As part of their work to help organizations defend themselves against ransomware, iDefense analysts have uncovered important details about the command-and-control (C2) communications in a potentially dangerous new PXJ ransomware variant.
Reverse engineering reveals that this new strain has reached a more worrisome stage in its development. With the addition of C2 communications, it can now let attackers know whether their attempted infection has been successful. It also may be able to report back on the most effective infection vectors, thus helping threat actors refine their tactics.
A potential long-term threat
iDefense researchers often reverse-engineer new malware that has changed significantly in a short period of time. In the case of PXJ ransomware, the two earliest unpacked samples relied on email communications, while this latest variant ups the ante by employing very basic C2 communications. It’s difficult to predict for sure, but this ransomware could pose a long-term threat.
Table 1 summarizes some basic information about the unpacked samples and their ‘packers,’ which are often used to stop security products from detecting malware – and to hinder analysis. In this case, the developers behind the PXJ ransom coded all the unpacked samples of ransomware in C++ and used C++ to create the packer for Sample 1. They used Delphi to create the two packers for Sample 3 (the latest variant). To iDefense’s knowledge, there has never been a packer for Sample 2.
The major difference among the three samples is that Sample 3 communicates with a C2 server. Sample 1 and 2 do not. In addition, Sample 3 drops a different ransom note to the desktop and root drive; this new ransom note (see Exhibit 1) is embedded in the ransomware but not encoded as in Sample 1 and 2. In all three samples, the ransomware adds the “pxj” extension to the filename of the files it encrypts; this extension is how the ransomware got its name.
Exhibit 1: New PJX Ransom Note. Copyright © 2020 Accenture. All rights reserved.
Sample 3 of the PXJ ransomware communicates with its C2 server just after the ransomware drops the empty `Res.AAABANIx93RdufO4` file and the `LOOK.txt` ransom note to the victim system’s desktop. The ransomware uses the string `K \t %d/%d/%d %d:%d:%d \t %s \t AAABANIx93RdufO4` with the following argument list to build the unencoded token value for the query string of the C2 URL:
- Year from system time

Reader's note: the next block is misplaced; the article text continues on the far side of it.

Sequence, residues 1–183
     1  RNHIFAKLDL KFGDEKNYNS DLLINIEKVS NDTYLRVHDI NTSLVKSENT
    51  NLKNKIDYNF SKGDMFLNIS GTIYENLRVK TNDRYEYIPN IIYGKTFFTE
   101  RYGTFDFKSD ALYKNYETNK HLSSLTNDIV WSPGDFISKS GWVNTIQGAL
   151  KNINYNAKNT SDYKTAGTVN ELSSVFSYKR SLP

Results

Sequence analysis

- Month from system time
- Day from system time
- Hour from system time
- Minute from system time
- Second from system time
The string `K \t %d/%d/%d %d:%d:%d \t %s \t AAABANIx93RdufO4` transforms into a string with the format `KK \t [year]/[month]/[day] [hour]:[minute]:[second] \t [computer name \t AAABANIx93RdufO4`. Exhibit 2 shows the assembly code and formatting of the unencoded token value.
Once the unencoded token value is Base64-encoded, the ransomware replaces the `%s` in the string "/bbs/do.php?token_value=%s" with this Base64-encoded token value. This string replacement creates the path and query string of the C2 URL. As seen in Exhibit 3, the ransomware checks in with its C2 server at pediitn.co[.]kr through an HTTP GET request using:
- The user agent `Mozilla/5.0 (Windows NT 6.1; WOW64; Trident/7.0; rv:11.0) like Gecko`
- The path and query string `/bbs/do.php?token_value=[Base64-encoded string for system time and computer name]`
Once this initial status check-in completes, the ransomware ceases to communicate with its C2 server. At this point, the ransomware has sent the victim's computer name to the C2 server to identify the victim and has also sent the string `AAABANIx93RdufO4` to identify the ransomware. Once the ransomware tries to transmit the C2 request, it proceeds to encrypt files, despite the status of the transmission. PXJ’s C2 communications map to the MITRE ATT&CK techniques through the C2 tactic for techniques “Data Encoding” and “Standard Application Layer Protocol.”
How does this threat map to MITRE ATT&CK techniques?
To mitigate this threat, iDefense recommends ensuring appropriate mitigations are in place for the following MITRE ATT&CK techniques.
How to identify the threat
iDefense recommends searching for its presence in network logs, system, or on disk of the following artifacts:
- Network: Presence of HTTP to:
- System: Presence of the following artifacts:
- Mutants and Named Pipes:**
- Sessions\1\BaseNamedObjects\XVFXGW DOUBLE SET
- On-disk Artifacts:
- Files with the extension `.pxj`
- Mutants and Named Pipes:**
iDefense also suggests leveraging the following YARA rule for in-memory hunting/detection:
author = "iDefense"
date = "05-07-2020"
description = "PXJ Executable Email or C2 Versions"
hash_1 = "b11252ad2beabb3fe5c566153efc3176"
hash_2 = "5dc438c8c9ab91ccadba1de82ab481d9"
hash_3 = "7f8c74dc5cef87ef3098cd8bcd875c51"
$str1 = "look.txt" nocase wide ascii
$str2 = "AAABANIx93RdufO4" nocase wide ascii
$str3 = "bcdedit" ascii
$str4 = "PXJ" nocase wide ascii
$str5 = "vssadmin" nocase
$str6 = "XVFXGW DOUBLE SET" nocase wide ascii
$str7 = "/bbs/do.php?token_value="
$str8 = "protonmail.com"
6 of them
To protect against ransomware in general, please see our “2019 CYBER THREATSCAPE REPORT.” For more information on how the iDefense team works to track and monitor cyber threat and attacks, please visit our cyber threat intelligence services overview page.
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